Marcin Borkowski <> writes:

> On 2015-07-27, at 14:39, Daniele Nicolodi <> wrote:
>> Hello Marcin,
>> On 27/07/15 14:10, Marcin Borkowski wrote:
>>> Assume that (for some reason) I want to write an Org-mode exporter which
>>> won't be GPL'd.  (Use-case: having written a few custom exporters, I'm
>>> writing a tutorial on them, and I consider publishing a *tutorial* with
>>> GPL'd code a Bad Thing™.  (The idea of a programming tutorial is that
>>> other people can or even should reuse the code in the tutorial, right?
>>> And I see no reason to impose GPL on them.))
>> As Oleh Krehel pointed out in a reply to another mail of yours, if your
>> code links to org-mode code (or other GPL code) you cannot release it
>> under a different license. I'm not sure about how linking is intended in
>> Elisp sense of ('require)ing a library, but I believe it is analog to
>> executable linking in machine code programs.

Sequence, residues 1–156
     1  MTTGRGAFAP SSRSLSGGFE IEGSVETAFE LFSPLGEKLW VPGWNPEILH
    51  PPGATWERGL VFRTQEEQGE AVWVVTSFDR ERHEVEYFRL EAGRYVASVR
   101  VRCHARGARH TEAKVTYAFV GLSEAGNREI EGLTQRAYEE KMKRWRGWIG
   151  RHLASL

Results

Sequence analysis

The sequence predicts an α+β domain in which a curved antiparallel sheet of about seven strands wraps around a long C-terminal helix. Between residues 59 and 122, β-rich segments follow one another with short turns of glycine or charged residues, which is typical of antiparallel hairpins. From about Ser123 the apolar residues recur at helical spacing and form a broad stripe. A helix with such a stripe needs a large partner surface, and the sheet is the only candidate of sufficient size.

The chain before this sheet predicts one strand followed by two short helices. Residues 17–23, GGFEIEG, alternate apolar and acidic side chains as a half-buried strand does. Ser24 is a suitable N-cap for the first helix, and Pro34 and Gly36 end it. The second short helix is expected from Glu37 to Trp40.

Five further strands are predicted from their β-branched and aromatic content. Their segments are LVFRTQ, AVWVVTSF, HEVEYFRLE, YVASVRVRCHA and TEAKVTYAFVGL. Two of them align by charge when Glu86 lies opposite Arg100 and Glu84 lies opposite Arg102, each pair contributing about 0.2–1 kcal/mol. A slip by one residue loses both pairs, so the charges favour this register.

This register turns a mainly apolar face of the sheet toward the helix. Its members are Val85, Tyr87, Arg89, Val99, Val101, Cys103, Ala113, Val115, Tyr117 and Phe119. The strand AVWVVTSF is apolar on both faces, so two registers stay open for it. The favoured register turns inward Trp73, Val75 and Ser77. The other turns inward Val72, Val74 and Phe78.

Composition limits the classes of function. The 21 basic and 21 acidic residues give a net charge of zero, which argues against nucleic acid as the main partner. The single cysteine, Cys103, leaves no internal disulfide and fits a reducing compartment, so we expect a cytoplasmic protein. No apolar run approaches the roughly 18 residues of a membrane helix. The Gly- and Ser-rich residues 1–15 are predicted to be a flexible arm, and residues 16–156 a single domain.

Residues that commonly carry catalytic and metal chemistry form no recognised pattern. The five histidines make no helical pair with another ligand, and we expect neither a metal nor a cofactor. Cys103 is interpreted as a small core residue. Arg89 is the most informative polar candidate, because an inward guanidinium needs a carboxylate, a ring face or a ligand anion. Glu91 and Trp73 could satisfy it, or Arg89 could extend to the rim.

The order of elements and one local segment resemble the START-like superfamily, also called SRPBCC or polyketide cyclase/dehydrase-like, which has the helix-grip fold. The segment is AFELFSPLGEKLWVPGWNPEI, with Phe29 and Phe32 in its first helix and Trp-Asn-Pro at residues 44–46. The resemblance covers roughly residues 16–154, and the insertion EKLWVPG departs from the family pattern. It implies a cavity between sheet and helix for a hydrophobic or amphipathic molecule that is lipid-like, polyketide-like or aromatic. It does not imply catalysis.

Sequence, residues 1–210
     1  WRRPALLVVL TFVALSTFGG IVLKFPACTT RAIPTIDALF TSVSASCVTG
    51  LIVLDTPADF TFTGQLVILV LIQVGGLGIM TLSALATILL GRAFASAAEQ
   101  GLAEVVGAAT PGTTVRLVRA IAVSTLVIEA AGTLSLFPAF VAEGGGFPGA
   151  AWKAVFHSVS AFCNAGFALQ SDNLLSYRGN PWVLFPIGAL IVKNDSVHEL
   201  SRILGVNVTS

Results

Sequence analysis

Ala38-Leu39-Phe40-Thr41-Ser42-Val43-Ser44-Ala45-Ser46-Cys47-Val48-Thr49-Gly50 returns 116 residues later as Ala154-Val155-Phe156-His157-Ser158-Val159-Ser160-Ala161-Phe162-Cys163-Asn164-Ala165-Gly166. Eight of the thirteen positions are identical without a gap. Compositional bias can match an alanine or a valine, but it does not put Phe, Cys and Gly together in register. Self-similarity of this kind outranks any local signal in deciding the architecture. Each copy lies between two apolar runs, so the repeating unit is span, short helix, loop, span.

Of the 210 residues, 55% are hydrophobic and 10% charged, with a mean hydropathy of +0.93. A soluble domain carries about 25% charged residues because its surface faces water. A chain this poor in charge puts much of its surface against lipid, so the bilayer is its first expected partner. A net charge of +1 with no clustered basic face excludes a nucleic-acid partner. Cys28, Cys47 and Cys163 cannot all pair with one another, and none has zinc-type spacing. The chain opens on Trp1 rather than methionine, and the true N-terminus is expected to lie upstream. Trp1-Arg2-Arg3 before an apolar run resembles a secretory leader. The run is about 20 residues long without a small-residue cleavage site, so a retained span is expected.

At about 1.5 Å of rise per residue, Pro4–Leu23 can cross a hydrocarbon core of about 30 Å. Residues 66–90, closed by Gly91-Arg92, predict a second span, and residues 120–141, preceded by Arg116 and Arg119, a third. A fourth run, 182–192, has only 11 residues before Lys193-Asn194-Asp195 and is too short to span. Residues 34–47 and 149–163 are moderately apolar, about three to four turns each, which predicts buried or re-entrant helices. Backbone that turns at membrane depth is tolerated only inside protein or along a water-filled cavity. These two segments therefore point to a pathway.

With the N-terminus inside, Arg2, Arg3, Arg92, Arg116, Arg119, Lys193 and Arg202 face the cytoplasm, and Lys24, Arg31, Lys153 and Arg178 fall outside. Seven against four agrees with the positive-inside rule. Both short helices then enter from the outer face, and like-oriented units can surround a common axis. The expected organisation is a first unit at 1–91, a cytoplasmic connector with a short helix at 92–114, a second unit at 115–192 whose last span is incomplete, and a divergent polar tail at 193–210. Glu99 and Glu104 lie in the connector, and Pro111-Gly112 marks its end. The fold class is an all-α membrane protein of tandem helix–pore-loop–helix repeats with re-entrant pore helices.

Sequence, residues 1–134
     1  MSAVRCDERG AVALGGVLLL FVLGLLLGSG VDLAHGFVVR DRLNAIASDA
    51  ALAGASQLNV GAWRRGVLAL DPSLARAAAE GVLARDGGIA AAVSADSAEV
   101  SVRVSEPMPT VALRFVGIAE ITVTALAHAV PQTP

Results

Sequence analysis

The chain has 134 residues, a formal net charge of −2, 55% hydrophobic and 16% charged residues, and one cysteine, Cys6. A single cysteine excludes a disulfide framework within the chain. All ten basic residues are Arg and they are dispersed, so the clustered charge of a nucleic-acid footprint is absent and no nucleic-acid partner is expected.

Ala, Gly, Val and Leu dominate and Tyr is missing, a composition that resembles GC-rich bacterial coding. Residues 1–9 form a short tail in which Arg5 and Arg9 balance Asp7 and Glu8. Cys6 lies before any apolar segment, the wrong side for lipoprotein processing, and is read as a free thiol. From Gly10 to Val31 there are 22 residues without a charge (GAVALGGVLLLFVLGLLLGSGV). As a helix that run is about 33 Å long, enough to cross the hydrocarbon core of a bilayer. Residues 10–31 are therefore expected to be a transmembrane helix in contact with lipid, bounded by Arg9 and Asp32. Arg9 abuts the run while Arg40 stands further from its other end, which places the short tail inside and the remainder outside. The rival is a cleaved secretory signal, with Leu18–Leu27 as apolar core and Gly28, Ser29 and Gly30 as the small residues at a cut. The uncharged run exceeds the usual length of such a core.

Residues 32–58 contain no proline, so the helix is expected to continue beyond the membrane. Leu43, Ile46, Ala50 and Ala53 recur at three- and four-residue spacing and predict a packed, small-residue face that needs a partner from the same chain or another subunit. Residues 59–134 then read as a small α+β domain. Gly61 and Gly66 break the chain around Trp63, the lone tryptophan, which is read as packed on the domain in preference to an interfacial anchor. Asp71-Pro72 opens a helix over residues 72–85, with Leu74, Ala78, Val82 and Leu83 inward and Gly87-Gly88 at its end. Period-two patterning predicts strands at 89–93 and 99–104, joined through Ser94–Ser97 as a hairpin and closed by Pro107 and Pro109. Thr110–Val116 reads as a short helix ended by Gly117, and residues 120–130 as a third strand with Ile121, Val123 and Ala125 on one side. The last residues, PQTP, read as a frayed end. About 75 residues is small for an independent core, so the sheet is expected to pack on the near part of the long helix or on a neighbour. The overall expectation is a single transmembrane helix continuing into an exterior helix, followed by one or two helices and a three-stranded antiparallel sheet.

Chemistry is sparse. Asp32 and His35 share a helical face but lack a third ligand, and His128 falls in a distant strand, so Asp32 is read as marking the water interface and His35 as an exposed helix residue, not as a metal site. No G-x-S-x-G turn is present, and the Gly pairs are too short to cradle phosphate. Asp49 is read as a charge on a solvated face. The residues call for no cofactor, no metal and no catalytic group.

> I understand, and I thank you for your clarification.  (Though I still
> consider it plain ridiculous.  And the fact that Oleh's own blog is
> CC-BY-NC-SA licensed, and contains many fragments of Elisp code, both
> small snippets and whole functions, thus rendering it illegal, is
> sweet;-).)

Illegal? You are building strawmen.

>> Therefore, the only extensions to org-mode that can exist (and be
>> distributed, if you write code and keep it for yourself you are not
>> affected by the licensing terms) must be GPL.
>> Thus, it makes little sense to continue the discussion: even if you
>> would release the code in your tutorial under a different license, it
>> would be or no use for who will read it.
> I see.  Funnily, I found a few Emacs blogs (also by renowned Emacs
> hackers, like Oleh mentioned above) which clearly violate the rule that
> any Elisp code should be GPL'd.  So my intuition that nobody cares (at
> least until explicitly asked) seems to be confirmed;-).

There is no such rule anywhere so this is another strawman. You can
write an emacs module and use whatever license you want, put it up on
the web (or not) and do anything you want with it. Just don't expect
it to become part of emacs: it will have a separate life (and most
probably a short one when you get bored with it). Ditto for your


Reply via email to